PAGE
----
Local politicians respond to sixth consecutive deficit budget
Local MLA and Finance Critic Rob Anderson says “Alberta’s debt by the next election will be $16 billion.”
The comment was tweeted in response to the Redford government’s budget release of the 2013 budget at the Alberta Legislature, in the late afternoon of March 7.
The budget revealed operating expenses will remain the same as last year’s forecasted $36.4 billion, lower than the average annual increase in operating expense of 7.3 per cent over the past 10 years.
Despite the forecasted $7.3 billion drop in non-renewable resources, the document promises no new taxes or tax rate increases.
Capital expenses will be $15 billion over the next three years, with $5.2 billion in each of the next two years and $4.7 billion in 2015-16.
New projects over the next three years will include 50 new schools at an expected cost of $503 million, $282 million for new post-secondary facilities at the Northern Alberta Institute of Technology, NorQuest College, University of Calgary, Lethbridge College and Mount Royal University, and $442 million to twin sections of Highway 63.
“The new capital plan continues to build Alberta in a way that will meet the needs of the province for generations,” said Doug Horner, Alberta’s minister of finance. “With Alberta’s population growing by 95,000 people last year alone, and the province poised to grow to more than five million people within the next 20 years - we need to be ready for the future.”
Chestermere-Rocky View MLA and Education Critic Bruce McAllister said despite the rhetoric, there is not likely to be any school announcements in the near future.
“From what they are saying, it will likely be (at least) five or six years,” he said, adding post-secondary funding has also been cut by a reported $147 million.
McAllister called the budget presentation “one of the most confusing” in Alberta’s history, saying the Wildrose opposition’s numbers look very different from those announced by the Redford government.
He said there will be a total of $3.5 billion in new debt, which added to the $2 billion taken from the Sustainability Fund to cover costs, adds to a $5.5 billion in expenses over revenue.
“It’s the back-in-debt budget,” said Anderson. “All the work Albertans have done since 2005 to be debt free is being wasted by the (Redford government).”
Budget 2013 also calls for $2.5 billion for municipalities over the next three years, $2.1 billion for health-care facilities, including hospitals, family care clinics, cancer centres, supportive living and long-term care.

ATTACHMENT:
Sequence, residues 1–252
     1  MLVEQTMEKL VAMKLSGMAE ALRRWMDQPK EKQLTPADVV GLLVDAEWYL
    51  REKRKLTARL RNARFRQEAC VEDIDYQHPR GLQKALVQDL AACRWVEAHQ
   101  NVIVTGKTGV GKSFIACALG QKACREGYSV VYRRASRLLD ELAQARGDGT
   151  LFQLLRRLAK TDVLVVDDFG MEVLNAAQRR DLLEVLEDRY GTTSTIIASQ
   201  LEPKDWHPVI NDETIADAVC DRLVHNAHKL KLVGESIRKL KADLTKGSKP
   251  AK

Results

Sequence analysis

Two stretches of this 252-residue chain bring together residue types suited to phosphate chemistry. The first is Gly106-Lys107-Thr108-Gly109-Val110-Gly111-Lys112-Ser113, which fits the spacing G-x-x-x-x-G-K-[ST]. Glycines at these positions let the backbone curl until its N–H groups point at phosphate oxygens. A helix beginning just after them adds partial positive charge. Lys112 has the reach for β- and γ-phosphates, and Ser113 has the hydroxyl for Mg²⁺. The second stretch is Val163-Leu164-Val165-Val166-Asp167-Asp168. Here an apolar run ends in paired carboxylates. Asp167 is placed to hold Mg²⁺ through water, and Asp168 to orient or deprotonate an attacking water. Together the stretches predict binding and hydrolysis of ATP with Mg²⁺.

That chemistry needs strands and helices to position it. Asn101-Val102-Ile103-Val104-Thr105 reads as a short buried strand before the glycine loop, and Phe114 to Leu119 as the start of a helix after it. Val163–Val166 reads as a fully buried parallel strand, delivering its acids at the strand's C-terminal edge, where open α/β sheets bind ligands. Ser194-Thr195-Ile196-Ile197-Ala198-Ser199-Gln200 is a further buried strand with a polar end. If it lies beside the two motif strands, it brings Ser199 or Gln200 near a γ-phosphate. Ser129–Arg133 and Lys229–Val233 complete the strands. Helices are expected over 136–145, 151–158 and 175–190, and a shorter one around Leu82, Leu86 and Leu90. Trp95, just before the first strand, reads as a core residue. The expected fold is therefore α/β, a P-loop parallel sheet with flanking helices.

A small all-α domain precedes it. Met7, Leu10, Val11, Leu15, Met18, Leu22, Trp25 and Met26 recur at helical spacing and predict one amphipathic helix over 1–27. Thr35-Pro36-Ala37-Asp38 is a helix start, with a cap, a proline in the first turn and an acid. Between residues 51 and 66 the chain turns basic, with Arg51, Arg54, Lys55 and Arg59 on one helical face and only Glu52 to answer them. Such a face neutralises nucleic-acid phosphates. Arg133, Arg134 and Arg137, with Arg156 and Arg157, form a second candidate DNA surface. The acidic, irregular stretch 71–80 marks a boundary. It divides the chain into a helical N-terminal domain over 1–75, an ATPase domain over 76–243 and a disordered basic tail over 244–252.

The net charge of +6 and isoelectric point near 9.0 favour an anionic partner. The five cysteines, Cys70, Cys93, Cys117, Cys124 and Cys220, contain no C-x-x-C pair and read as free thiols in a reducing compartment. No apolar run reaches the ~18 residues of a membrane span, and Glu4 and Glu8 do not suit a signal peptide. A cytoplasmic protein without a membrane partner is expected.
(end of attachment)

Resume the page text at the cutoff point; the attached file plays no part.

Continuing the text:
The province is also planning to spend $1.2 billion to maintain aging schools, roads, health facilities, water infrastructure, post-secondary institutions and provincial parks.
In 2013-14, $4.3 billion of the capital plan will be funded through direct borrowing, according to press release from the Province.
Anderson noted last dollar spent on infrastructure projects for the foreseeable future will come from debt.
“This is the greatest squandering of wealth in our province’s history,” Anderson said. “This government talks about living within its means, but it is spending so far beyond its ability that our children are going to forced to pay their bills. Premier Redford is taking Alberta down a dark path, one that we’ve been down before, and we know where it leads.”
Total revenues for 2013-14 are estimated at $38.6 billion, $5.4 billion lower than the Budget 2012 forecast.
According to the Province, the lower revenues are a result of “The Bitumen Bubble” a term coined by Redford’s government to explain the cost differential between conventional oil prices and heavy crude taken from Alberta’s oilsands.
“The Bitumen Bubble continues to a have a severe impact on our revenues,” said Doug Horner, Alberta’s finance minister, in a press release. “Budget 2013 delivers the tough, but thoughtful decisions necessary to adapt to our current reality.”
An operational deficit of $451 million is expected for 2013-14. The money will be taken from the Sustainability Fund, bringing the numbers from about $17 billion five years ago to about $6990 million now.
“Alberta is the greatest place in Canada to live - the reason why our population is growing by 100,000 people each year. But even Alberta is not immune from global economic challenges. Our budget thoughtfully responds to the effects of the Bitumen Bubble, while living within our means and continuing to build the schools, health centres and roads Alberta needs,” said Premier Alison Redford.
Budget 2013 also introduces and annual, legislated savings strategy for Alberta.
Starting in 2014, a portion of non-renewable resource revenue will be set aside into savings. The plan also includes a retention of 30 per cent of the Alberta Heritage Savings Trust Fund’s net investment income 2014-15.
“Albertans told us we needed to save in good years and in bad,” said Horner. “We are putting into law today that commitment, ensuring we’re providing for future generations.”
Anderson also criticized the government’s new borrowing-to-save policy.
“Saving money is a great idea as long as you’re not going into debt to do it,” Anderson said. “That’s like taking out a second mortgage to invest in an RRSP. It’s an absolutely foolish policy that makes no economic sense.”
To view the budget, visit www.finance.alberta.ca